Posted: September 20th, 2022
Compromising your Morals: The Perils of New Beginnings as an Auditor
From the day Rachel Baker was born, her parents, Wes and Dora, dreamed of her completing college education debt-free. Unfortunately, raising Rachel and her five younger siblings, was significantly more expensive than the Bakers expected. With Dora’s recent battle with cancer, the only way for Rachel to realize her parents’ college education dream was with student loans.
After struggling academically to graduate in the top 20% of her class of 60, Rachel was fortunate to qualify for direct admittance into a state university four hours away from her small rural hometown. While she expected state university would be academically rigorous, the work was much more challenging than Rachel anticipated. Not only were the classes significantly larger than her high school classes, but they were also considerably more demanding. Despite being homesick, Rachel, the first from her extended family to enroll in college, was determined not to make her parents proud.
For Rachel, the past six years was a whirlwind. She never thought this day would come. She was not only the first person from her family to complete a bachelor’s degree, but she also obtained a master’s in accounting degree which qualified her to take the Certified Public Accountant (CPA) exam. After commencement, she returned to her hometown to study for the CPA exam and reclaimed her job at the local diner. Passing the CPA exam was a struggle for Rachel. With her parents’ moral support and several attempts, Rachel finally passed all four sections of the exam. Soon afterwards, she accepted an offer as a staff auditor with Hamill and Hill (H2), a nationally recognized accounting firm headquartered in Dallas. She was excited about starting her career and paying off her massive student loans even though the firm’s partners were notorious in public accounting circles for shoddy auditing and questionable business practices. The latest was a very public “cease and desist” order the Securities and Exchange Commission issued for violations of securities laws and the firm’s failure to comply with the Public Company Accounting Oversight Board’s (PCAOB) accepted auditing.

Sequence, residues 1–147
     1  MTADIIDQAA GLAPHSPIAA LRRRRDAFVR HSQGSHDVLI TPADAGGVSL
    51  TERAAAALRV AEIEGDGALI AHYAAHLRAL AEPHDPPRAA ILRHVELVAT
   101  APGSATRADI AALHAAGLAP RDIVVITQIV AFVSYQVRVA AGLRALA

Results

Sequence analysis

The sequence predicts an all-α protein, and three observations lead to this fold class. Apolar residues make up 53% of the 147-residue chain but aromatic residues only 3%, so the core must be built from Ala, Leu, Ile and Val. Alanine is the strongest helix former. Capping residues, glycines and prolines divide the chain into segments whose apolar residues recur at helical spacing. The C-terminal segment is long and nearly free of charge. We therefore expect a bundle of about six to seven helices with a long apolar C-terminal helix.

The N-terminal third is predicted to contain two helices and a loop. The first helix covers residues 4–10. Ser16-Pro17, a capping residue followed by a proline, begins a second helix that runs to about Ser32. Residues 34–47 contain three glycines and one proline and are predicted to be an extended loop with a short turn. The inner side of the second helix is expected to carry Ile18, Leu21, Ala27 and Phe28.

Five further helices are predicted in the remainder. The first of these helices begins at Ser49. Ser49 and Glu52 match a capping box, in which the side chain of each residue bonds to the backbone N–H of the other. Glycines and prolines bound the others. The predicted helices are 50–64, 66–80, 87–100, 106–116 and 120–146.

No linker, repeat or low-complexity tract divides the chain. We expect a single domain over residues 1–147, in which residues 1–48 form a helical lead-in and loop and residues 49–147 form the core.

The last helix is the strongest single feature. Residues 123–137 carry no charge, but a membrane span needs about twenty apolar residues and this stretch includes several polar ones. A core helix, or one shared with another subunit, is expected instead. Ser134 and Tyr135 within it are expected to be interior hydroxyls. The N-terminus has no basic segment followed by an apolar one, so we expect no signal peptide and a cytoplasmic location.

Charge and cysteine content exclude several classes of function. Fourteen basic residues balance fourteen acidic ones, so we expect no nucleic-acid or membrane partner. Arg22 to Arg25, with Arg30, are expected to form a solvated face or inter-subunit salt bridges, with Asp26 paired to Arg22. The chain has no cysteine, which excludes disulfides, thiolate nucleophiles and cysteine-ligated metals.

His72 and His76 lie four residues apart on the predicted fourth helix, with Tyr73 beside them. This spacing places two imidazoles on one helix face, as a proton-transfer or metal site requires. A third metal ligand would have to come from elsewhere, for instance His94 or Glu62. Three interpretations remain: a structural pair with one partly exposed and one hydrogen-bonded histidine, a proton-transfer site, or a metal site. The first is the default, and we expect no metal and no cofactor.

Rachel was apprehensive about moving to Dallas. Of the 40 new staff auditors, she was the only one not from a prestigious university. Towards the end of new hire orientation, James Heslop, H2’s newest Audit Partner, informed the group about the firm’s mandatory audit training and exam. He cautioned that if the new auditors did not complete the training and pass the exam within their first 90 days would result in their immediate termination. Rachel was cautiously optimistic she would pass the exam until she started studying the on-line training materials. H2’s expectations were significantly more rigorous and challenging than anything she had experienced at state university or even preparing for the CPA exam. She was nervous.
Her participation in time-consuming audit engagements, often working in excess of 75 hours per week plus travel, afforded Rachel little opportunity to study the H2 training materials. On a late-night Friday flight home, she confided in William, one of the other new auditors.